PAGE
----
Chinese Input Software for Windows
Sorry if this has been answered many times already, I tried searching the posts , but didn't see anything.
So my question is, what's the recommended Chinese input software for Windows? (and while we're at it, might as well include OSX and Linux as well)
Thanks and cheers,
markDecember 11, 2009, 08:04 AM
For Windows you go to the "Regional and Language" control panel and find the dialog that lets you click on add an input method. Once you pick one or more of the Chinese options, Windows will install some software and you will press alt+shift to toggle between input methods, after it does its thing. ...probably too terse, but that is the outline.
erzi95December 11, 2009, 09:43 AM
Thanks Mark. Right after I posted I searched and found these useful links. They go into step by step detail of what you mention.
In my research, I also came across njstar software but it wasn't free so the native windows option seems like the best one.
trevorbDecember 12, 2009, 09:06 AM
If you really want to do it properly and you have a modern MS OS you can use the tablet input panel to write your chinese. It is slower but it does help me to remember the 汉字。 i'm lucky because I have a tablet PC to use, but keep watching the market 'cos these are going to be dropping in price very quickly now especially if apple does release one in spring!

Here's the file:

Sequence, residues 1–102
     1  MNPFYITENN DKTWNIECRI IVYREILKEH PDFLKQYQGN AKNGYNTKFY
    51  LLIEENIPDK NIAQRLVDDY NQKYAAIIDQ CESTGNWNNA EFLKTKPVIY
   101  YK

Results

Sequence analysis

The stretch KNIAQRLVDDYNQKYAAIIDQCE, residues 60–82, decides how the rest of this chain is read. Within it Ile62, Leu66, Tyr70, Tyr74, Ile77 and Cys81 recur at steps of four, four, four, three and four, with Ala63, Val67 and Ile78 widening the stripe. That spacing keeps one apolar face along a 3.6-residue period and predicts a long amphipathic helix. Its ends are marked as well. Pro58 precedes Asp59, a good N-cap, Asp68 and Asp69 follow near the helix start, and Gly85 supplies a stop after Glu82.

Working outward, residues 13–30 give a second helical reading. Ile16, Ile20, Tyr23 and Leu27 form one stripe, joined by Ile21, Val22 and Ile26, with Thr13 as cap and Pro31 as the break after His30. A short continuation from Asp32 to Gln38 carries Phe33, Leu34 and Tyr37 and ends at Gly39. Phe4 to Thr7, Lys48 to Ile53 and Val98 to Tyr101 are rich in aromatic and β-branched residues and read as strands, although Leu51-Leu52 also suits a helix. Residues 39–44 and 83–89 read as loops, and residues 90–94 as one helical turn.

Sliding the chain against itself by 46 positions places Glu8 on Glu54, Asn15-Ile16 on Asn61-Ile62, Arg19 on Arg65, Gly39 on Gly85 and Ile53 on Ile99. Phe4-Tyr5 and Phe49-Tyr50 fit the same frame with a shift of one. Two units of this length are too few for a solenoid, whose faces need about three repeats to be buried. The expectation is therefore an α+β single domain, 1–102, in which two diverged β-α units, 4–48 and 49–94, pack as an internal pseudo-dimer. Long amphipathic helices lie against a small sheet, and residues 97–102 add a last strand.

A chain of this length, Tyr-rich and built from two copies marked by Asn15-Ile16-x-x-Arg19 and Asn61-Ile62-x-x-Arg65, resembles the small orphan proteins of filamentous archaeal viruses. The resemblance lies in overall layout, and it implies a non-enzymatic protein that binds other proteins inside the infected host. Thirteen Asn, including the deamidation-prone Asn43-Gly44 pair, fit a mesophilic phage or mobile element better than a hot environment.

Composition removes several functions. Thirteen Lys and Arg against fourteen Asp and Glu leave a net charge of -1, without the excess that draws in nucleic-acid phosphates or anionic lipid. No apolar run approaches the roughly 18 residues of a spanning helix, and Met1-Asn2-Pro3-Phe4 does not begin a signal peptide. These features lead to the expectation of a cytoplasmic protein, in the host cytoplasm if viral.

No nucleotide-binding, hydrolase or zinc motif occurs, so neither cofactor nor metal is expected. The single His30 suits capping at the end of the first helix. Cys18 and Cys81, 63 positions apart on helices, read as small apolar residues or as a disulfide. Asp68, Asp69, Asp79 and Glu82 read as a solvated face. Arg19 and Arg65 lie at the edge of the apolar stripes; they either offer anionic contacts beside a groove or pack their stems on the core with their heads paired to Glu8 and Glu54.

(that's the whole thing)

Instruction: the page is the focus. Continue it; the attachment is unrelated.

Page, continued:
I try to write every thing but if I remember the words but not the character then I switch to pinyin type in the words to find the character, then go back and write them. This works for me but then I'm learning this so slowly! As one word goes in another goes out.
funkfelipeDecember 12, 2009, 11:57 AM
for Windows, here are alternatives to MS Pinyin:
Google Pinyin -- http://www.google.com/ime/pinyin/
or in case 五笔输入法 is an option for you,
freeime Wubi -- http://code.google.com/p/freeime/
For most Linux-based distributions, there is either
SCIM -- http://www.scim-im.org/
or, superseding SCIM, the newer
IBus -- http://code.google.com/p/ibus/
at least one of which should be readily available in any distribution. They support both Pinyin and Wubi input methods, although I find the Wubi support to be far inferior to that available for Windows-based systems.
As for a recommendation, you might want to follow godfrey09's advice first. I haven't used Sogou software myself yet, but I hear they are a leading instance in input method technology. As for my personal experience, I can recommend Google Pinyin, which works fine for me and simply has an interface that is easier on my eyes than that provided by MS Pinyin. I am not too experienced with Wubi, but as a learner, "freeime" is pretty helpful, offering mixed Wubi/Pinyin input, which allows you to enter Pinyin and be offered suitable Wubi codes.